It's important to note that you can assign more than one device to a user profile. In some of my testing, I had multiple devices assigned to the "David" profile. Usage for both devices was aggregated and shown in the Insights summary. However, usage between multiple devices was not broken out separately.


Of course, the whole idea behind Circle is to manage the devices and enforce the policies that you've created for your family. To test this, I tried accessing sites using various profiles, and also checked enforcement of time limits and bedtime hours. To test, I used both a desktop computer using Chrome as well as a Samsung Android tablet. For some sites, I tested both the browser version and corresponding app on the tablet. The table below summarizes the results for the "Kid" profile - the most restrictive filter that I set up.

App/Category Test search Allowed Result - Samsung Tablet Result - Desktop Notes - Tablet Notes - Desktop
Amazon - browser n filtered page filtered page    
Business (linked in) n filtered page filtered page    
Disney y allowed allowed    
Email n blocked filtered page Certificate error Certificate Error
Email n blocked blocked Certificate error Certificate Error
Facebook app N/A n blocked N/A can't connect N/A
Facebook web n blocked blocked Certificate Error Certificate Error
Government and Politics n allowed allowed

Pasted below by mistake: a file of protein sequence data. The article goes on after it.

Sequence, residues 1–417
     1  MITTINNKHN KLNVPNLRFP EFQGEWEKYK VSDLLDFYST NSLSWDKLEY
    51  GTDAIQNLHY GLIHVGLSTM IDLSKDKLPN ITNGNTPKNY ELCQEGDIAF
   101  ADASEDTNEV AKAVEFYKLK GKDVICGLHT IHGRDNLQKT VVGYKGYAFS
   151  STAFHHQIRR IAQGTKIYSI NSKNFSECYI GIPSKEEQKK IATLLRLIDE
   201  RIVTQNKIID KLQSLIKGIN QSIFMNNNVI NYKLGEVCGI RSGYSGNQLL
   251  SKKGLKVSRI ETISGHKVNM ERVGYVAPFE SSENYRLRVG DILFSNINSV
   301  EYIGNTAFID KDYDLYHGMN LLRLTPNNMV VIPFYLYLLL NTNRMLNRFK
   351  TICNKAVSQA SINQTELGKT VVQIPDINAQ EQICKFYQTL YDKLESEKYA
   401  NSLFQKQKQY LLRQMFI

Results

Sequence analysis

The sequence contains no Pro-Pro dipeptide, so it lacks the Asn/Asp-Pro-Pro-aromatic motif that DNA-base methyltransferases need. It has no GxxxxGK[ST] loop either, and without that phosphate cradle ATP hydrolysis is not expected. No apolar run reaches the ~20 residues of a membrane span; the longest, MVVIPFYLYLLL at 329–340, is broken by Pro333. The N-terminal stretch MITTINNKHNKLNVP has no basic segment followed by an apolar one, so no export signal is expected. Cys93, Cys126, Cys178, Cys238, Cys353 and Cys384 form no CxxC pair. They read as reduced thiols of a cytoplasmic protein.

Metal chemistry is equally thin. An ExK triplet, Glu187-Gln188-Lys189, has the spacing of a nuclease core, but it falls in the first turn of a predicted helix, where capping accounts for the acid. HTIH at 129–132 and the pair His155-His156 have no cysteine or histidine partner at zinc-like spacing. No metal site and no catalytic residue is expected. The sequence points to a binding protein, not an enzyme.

Government and Politics n blocked blocked Certificate Error Certificate Error
Government and Politics n filtered page filtered page    
Health n filtered page filtered page    
Hulu - app N/A n blocked blocked SSL Error 143 N/A
Hulu - browser n filtered page filtered page    
News n filtered page filtered page    
News n allowed allowed    
News n filtered page filtered page    
News - USATODAY app N/A n allowed N/A   N/A
News - USATODAY n filtered page filtered page    
News AOL browser n Allowed Allowed    
Nickelodeon n filtered page filtered page    
Photo n allowed allowed    
Play Store N/A n blocked N/A check connection, try again N/A
Sports n filtered page filtered page    
YouTube App N/A n blocked N/A check network connection  
YouTube web n filtered page blocked   Certificate error
creative arts watercolor painting n allowed allowed results shown, links worked results shown, links worked
Google Image Search boobs n allowed allowed found images found images
Google Search boobs n blocked blocked results shown, links blocked results shown, links blocked
issues + lifestyles (google search) LGBT n allowed/filtered blocked some links allowed - some got filter page results shown, links blocked
Table 1: Test results for user profile "David" using Kid level filtering

The "Allowed" column shows whether or not I expected the site/app to be blocked. The "filtered page" result indicates that the site was intercepted, and a Circle web page was displayed showing that the site had been filtered. The "filter page" displayed varies depending on the filter level. Each filter page is a customized page for the individual user and shows age-appropriate Disney content as well as usage statistics, time remaining statistics, and, if enabled, time remaining until bedtime.